Preparing in advance is very helpful in successfully navigating controversial zoning requests. Some pointers from attorney Ron Richards.
Issues in Land Use Law & Zoning
Experienced land use lawyers provide primers on a wide range of legal issues that often face local planning commissions.
Attorney Daniel Shapiro provides a brief overview of downzoning, examining some of the pluses and minuses, and noting some legal issues to keep an eye out for.
What happens when a developer files for a building permit or submits a subdivision application — and the local government then changes its ordinance in a way that would prohibit the project as proposed? A look at the complex issue of “vested rights.”
With the start of an economic recovery in much of the country, developers in many communities face the question of how to restart projects that have lied fallow or failed as a result of the great recession. A look at some of the legal issues involved.
Do you know it when you see it? A look at how to spot “spot zoning” situations, and consideration of the importance of the comprehensive plan in evaluating spot zoning.
If your community wants a more flexible approach to nonconformities, there are several ways to accommodate them, as Mark White discusses in the second part of his article.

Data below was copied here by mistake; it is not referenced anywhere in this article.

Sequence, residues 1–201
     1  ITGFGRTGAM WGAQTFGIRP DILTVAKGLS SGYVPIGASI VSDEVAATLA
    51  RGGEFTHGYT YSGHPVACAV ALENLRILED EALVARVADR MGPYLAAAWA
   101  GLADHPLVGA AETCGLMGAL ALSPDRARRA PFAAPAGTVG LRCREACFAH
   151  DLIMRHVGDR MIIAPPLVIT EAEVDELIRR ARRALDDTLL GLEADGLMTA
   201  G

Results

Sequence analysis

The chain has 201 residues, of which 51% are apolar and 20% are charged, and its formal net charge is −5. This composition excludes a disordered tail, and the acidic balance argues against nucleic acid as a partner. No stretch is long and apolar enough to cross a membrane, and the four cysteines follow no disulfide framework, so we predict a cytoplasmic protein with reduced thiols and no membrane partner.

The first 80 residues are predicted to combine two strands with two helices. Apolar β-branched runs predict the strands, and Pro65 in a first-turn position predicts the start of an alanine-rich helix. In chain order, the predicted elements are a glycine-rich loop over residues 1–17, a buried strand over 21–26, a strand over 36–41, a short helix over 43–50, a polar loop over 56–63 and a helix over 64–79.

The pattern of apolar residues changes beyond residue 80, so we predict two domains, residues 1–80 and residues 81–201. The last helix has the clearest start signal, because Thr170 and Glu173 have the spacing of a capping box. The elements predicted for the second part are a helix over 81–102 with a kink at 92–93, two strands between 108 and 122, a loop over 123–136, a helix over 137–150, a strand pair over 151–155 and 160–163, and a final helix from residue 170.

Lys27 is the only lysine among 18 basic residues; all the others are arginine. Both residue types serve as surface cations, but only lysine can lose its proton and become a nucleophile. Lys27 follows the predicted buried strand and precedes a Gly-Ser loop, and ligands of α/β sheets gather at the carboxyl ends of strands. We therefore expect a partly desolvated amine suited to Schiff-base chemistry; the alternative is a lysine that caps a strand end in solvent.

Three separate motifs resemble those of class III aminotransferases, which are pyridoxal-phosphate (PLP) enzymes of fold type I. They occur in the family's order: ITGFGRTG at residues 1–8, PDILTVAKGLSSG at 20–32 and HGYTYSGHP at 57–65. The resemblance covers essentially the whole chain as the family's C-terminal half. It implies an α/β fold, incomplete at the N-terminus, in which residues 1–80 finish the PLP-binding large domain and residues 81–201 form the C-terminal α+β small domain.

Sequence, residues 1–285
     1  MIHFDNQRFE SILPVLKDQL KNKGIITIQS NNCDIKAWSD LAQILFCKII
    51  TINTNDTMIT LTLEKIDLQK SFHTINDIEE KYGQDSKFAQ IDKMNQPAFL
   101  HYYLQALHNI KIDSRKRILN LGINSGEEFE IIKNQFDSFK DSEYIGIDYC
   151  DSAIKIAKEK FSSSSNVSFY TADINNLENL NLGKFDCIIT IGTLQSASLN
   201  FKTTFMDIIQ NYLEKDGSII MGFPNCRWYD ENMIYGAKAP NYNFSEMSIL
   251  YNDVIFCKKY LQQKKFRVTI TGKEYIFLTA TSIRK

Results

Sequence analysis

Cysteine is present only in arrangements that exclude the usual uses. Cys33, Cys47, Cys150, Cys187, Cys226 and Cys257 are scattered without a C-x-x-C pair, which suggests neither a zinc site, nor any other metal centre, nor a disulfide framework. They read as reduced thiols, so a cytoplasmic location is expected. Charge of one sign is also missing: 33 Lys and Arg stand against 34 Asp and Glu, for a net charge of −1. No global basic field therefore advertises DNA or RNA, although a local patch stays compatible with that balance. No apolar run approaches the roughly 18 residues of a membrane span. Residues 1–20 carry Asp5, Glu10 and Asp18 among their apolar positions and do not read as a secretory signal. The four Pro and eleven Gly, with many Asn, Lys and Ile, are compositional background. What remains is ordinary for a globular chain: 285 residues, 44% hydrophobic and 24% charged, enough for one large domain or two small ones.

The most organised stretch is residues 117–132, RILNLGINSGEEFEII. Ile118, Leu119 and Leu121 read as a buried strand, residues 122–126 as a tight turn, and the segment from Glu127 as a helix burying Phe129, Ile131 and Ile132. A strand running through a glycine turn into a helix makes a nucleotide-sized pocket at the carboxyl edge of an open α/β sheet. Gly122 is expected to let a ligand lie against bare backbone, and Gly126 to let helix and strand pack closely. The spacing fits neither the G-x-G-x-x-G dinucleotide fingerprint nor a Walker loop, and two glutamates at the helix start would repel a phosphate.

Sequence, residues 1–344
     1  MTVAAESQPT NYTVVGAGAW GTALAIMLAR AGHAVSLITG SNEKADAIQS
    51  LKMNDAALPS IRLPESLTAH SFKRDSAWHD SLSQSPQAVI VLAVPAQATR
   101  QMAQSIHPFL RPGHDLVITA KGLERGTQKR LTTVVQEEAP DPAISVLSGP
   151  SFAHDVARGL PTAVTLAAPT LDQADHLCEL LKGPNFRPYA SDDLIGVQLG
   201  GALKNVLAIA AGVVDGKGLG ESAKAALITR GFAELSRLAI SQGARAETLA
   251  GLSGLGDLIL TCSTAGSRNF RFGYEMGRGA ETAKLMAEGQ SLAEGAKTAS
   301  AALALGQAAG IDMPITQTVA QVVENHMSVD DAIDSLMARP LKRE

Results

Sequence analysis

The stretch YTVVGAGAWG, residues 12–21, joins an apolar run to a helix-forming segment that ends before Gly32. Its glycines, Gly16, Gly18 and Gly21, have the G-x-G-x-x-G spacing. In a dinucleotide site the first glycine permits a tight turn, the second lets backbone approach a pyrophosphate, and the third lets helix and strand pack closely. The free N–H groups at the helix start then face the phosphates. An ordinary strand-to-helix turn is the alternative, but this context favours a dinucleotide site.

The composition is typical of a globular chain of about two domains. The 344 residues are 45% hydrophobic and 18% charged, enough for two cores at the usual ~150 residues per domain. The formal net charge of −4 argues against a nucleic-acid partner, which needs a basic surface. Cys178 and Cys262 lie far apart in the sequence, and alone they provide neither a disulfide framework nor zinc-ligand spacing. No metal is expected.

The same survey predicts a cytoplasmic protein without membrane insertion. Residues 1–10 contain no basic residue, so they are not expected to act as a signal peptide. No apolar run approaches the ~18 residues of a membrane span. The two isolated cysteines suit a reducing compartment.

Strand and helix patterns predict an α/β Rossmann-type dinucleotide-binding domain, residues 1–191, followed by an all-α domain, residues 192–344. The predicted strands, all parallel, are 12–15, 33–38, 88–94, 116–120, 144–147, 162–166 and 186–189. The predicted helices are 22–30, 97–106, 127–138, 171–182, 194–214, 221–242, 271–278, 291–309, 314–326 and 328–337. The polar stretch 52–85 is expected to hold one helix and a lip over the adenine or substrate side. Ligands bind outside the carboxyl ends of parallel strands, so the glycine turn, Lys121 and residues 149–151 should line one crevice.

Attorney and planner Mark White provides an overview of how communities can best deal with nonconforming uses, in the first of a two-part article.
Attorney Alan C. Weinstein provides an overview of how to avoid violating Open Meetings laws — including situations that are particularly troublesome: meetings in executive session, site-visits, “informal” meetings with staff, and electronic communications.
An introduction to the goals and structure of open meeting laws — including a look at the key question: what constitutes a “meeting”?
An overview of some of the regulatory approaches to dealing with McMansions, including a look at the design review process implemented in Stonington, Connecticut.
Takings claims can create enormous potential liability for local governments. Respected land use lawyer and planner Dwight Merriam provides an overview of basic takings principles, and addresses questions planning commissioners often have.
Regulating land use practices near streams can significantly reduce the run-off of sediment and other pollutants. How a system of “overlay zones” can help protect stream corridors, lakeshores, and watersheds.
Attorney John Ronayne provides a primer on how courts approach “takings” cases.